FIG. 1 is a longitudinal sectional view showing the injector of this invention incorporated in a rocket motor;

FIG. 2 is a plan view showing cavities formed in one of the two plates that constitute the injector;

FIG. 3 is a plan view of the other plate showing a plurality of spuds formed with grooves which in part constitute propellant orifices;

FIG. 4 is an enlarged perspective view of an individual spud; and

FIG. 5 is a longitudinal sectional view of one of the plates formed in accordance with an alternative embodiment of the invention.

DESCRIPTION OF THE PREFERRED EMBODIMENT Referring now to the drawings, FIG. 1 illustrates a twopiece injector 10 of the instant invention incorporated, merely for the purposes of illustration, in a rocket motor 12 designed to generate a fixed level of thrust. It is to be noted that injector 10 may be incorporated in any de vice that operates to generate gas. Rocket motor 12 which, for example, may be used for small tactical ordinance equipment has a typical combustion chamber 14 into which liquid propellant is delivered for combustion, a thrust region (not shown) and a nozzle section (not shown) through which the combustion product is discharged. On the upstream side of the injector 10 is a cylindrically shaped fuel tank 22 and an annular shaped oxidizer tank 24 aligned concentrically with fuel tank 22. Between injector 10 and fuel tank 22 is a conventional baifle 25 for minimizing fluid propellant surges and sloshing effects, as well as a conventional burst diaphragm 26. In a similar manner, situated between injector 10 and oxidizer tank 24 are a baflle 27 and a burst diaphragm 28.

Injector 10, constructed entirely from two parts, is capable of being manufactured by casting as shall be more fully described below. For the sake of clarity these two components shall be referred to as a face plate 32 and a spud plate 34. Referring now to some of the details on face plate 32, FIG. 2 shows that it is essentially a circular plate formed therethrough with a plurality of conically shaped cavities 36 defined by wall portions 37. Cavities 36 converge from an upstream side 38 to a doWnstream side 39 best shown in FIG. 1. For sealing purposes, face plate 32 may be formed with annular grooves such as 41 and 43 for O-rings so that potential leakage passageways leading into combustion chamber 14 will be blocked. Spud assembly 34 as shown in FIG. 3 has a back late section 51 that is integrally united with a plurality of spuds 60 arranged in a predetermined geometric pattern. The number of spuds 60 is identical with the number of cavities 36 in face plate 32. Back plate section 51 has an upstream side 53 and a downstream side 55. As shown in FIG. 4 each spud 60 is generally conically shaped having its base united with downstream side 55. Each spud 60 converges away from downstream side 55 and is truncated near its apex to form a concave tip 62, the concavity of tip 62 designed to assure perfect impingement of the propellant streams. Extending through the axis of spud 60 is an elongated orifice 64 through which a stream of fuel propellant is designed to flow. The outer periphery 66 is formed with four equiangularly spaced grooves 67 that extend lengthwise of spud 60 from side 55 to tip 62. The function of grooves 67, as shall be more fully described, is to cooperate with portions of face plate 32 in forming propellant orifices.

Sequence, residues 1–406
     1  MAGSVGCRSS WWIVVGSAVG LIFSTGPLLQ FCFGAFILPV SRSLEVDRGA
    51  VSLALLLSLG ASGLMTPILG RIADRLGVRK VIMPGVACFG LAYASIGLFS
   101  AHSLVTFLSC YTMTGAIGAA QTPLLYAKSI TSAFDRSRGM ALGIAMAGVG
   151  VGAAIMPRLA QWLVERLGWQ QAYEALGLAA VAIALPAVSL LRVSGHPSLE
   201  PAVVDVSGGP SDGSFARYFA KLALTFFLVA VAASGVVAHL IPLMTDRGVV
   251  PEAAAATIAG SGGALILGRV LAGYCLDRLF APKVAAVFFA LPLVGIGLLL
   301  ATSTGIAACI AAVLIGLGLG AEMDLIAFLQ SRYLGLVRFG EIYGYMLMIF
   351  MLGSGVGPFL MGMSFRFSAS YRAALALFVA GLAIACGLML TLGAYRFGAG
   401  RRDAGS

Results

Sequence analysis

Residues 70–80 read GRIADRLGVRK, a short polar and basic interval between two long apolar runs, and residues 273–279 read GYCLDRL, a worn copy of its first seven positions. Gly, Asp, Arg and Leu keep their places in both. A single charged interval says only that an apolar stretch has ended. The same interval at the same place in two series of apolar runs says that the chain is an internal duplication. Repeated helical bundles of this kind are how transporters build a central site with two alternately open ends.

To assemble injector 10, face plate 32 and spud plate 34 are interfitted. This would be easily done by inverting spud plate 34 from its position as shown in FIG. 3 and placing it onto face plate 32 as shown in FIG. 2. The individual spuds 60 are designed to register with and project into corresponding cavities 36 of face plate 32. When these two components are perfectly interfitted as shown in FIG. 1, the peripheral walls 66 of the spuds will be in flush engagement with cavity walls 37. A fluid tight seal results along the line or area contact between spud peripheries 66 and cavity walls 37. This sealing zone is interrupted by grooves 67 which cooperate with adjacent portions of cavity walls 37 to constitute propellant orifices 80. Thus the cavity walls 37 in addition to performing the function of seating and sealing also constitute together with grooves 67 propellant orifices 80. As mentioned, conventional injector plates must be drilled to form flow orifices. In addition to being costly and time consuming when a drilled orifice does not satisfy exacting precision standards the entire plate must be rejected. It can be seen therefore that avoiding drilling techniques to form propellant orifices is desirable.